Health Variables Are Informative in Screening for Mild Cognitive Impairment Among Elderly African Americans

Siny Tsang, Scott A. Sperling, Moon Ho Park, Ira M. Helenius, Ishan C. Williams, Carol Manning

    Research output: Contribution to journalArticlepeer-review

    4 Citations (Scopus)

    Abstract

    To aid primary care providers in identifying people at increased risk for cognitive decline, we explored the relative importance of health and demographic variables in detecting potential cognitive impairment using the Mini-Mental State Examination (MMSE). Participants were 94 older African Americans coming to see their primary care physicians for reasons other than cognitive complaints. Education was strongly associated with cognitive functioning. Among those with at least 9 years of education, patients with more vascular risk factors were at greater risk for mild cognitive impairment. For patients with fewer than 9 years of education, those with fewer prescribed medications were at increased risk for dementia. These results suggest that in addition to the MMSE, primary care physicians can make use of patients’ health information to improve identification of patients at increased risk for cognitive impairment. With improved identification, physicians can implement strategies to mitigate the progression and impact of cognitive difficulties.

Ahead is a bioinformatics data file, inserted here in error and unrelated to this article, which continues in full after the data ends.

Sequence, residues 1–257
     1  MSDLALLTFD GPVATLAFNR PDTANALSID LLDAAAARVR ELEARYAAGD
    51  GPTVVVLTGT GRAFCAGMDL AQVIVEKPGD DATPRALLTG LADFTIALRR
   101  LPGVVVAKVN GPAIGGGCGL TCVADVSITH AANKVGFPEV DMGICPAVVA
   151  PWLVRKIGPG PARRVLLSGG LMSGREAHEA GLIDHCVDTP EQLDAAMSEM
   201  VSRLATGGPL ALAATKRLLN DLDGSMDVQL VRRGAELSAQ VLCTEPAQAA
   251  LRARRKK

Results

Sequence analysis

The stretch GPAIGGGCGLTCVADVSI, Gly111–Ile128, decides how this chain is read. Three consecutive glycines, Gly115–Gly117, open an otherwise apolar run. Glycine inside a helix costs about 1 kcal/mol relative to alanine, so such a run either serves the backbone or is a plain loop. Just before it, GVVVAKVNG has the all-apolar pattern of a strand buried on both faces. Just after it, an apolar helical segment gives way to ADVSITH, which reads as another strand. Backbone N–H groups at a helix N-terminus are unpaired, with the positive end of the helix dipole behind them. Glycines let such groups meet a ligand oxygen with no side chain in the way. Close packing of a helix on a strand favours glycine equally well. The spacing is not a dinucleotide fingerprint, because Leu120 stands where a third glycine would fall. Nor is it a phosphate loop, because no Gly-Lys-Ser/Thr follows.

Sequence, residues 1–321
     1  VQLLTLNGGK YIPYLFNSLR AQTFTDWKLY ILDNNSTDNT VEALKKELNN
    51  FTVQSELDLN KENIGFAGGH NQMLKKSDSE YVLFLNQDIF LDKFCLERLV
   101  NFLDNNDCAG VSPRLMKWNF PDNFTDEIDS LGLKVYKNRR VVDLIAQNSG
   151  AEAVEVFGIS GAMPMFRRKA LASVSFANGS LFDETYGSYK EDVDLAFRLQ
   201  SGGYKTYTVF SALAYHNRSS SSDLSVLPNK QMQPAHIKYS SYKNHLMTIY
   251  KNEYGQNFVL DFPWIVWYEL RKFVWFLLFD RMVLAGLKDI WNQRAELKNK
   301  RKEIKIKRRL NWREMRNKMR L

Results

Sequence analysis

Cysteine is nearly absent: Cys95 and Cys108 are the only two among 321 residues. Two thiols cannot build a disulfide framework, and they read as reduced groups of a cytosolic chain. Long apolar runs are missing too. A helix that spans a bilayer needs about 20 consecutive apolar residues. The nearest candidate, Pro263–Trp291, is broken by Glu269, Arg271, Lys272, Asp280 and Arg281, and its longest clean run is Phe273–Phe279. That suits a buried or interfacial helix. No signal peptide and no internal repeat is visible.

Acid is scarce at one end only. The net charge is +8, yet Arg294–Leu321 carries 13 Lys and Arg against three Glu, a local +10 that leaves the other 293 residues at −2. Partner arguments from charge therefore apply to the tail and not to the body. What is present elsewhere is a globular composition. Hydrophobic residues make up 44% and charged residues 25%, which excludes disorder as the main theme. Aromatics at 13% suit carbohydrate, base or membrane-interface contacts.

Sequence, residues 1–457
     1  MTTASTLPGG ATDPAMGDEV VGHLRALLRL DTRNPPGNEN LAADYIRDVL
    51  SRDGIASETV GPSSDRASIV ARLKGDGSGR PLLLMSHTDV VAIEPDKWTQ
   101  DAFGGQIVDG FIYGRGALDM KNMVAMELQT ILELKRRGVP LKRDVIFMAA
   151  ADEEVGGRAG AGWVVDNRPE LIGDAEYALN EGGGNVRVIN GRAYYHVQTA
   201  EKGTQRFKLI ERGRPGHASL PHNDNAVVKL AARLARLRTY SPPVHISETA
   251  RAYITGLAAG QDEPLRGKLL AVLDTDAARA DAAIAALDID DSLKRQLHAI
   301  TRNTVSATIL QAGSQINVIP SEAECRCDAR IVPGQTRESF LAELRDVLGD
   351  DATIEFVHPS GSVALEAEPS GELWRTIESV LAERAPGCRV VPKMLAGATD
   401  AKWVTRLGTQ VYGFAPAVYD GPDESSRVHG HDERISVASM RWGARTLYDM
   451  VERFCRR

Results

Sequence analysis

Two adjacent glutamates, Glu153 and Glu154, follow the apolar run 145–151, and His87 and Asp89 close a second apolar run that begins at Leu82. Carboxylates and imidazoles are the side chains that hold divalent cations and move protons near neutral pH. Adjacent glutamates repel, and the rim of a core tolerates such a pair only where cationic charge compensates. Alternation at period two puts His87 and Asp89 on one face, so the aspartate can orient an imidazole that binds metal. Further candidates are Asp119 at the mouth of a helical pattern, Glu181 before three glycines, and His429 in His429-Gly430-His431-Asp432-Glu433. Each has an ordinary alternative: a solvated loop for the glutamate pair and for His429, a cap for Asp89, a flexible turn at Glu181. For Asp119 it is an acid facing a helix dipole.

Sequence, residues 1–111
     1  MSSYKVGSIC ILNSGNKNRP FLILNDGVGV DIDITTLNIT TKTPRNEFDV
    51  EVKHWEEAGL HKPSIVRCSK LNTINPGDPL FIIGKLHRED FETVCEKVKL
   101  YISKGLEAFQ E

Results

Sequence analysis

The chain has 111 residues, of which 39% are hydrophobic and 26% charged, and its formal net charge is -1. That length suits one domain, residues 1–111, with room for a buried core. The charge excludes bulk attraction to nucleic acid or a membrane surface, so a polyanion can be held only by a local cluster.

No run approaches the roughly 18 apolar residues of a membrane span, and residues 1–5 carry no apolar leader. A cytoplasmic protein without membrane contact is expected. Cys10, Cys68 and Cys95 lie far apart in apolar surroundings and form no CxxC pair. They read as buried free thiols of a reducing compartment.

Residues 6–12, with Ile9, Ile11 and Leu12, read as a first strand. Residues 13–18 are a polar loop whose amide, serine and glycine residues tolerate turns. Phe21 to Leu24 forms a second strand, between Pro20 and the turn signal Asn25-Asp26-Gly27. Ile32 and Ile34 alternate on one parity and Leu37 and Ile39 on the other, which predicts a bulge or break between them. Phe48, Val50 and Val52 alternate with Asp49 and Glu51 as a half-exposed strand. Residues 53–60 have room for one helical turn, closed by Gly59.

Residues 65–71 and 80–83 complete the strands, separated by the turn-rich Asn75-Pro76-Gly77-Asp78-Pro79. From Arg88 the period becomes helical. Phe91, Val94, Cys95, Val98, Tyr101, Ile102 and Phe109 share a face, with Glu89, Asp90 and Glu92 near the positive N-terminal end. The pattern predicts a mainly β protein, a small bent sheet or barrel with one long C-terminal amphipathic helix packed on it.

Original languageEnglish
    Pages (from-to)1421-1444
    Number of pages24
    JournalJournal of Applied Gerontology
    Volume38
    Issue number10
    DOIs
    Publication statusPublished - 2019 Oct 1

    Keywords

    • MMSE
    • cognitive impairment
    • mild cognitive decline

    ASJC Scopus subject areas

    • Gerontology
    • Geriatrics and Gerontology

    Fingerprint

    Dive into the research topics of 'Health Variables Are Informative in Screening for Mild Cognitive Impairment Among Elderly African Americans'. Together they form a unique fingerprint.

    Cite this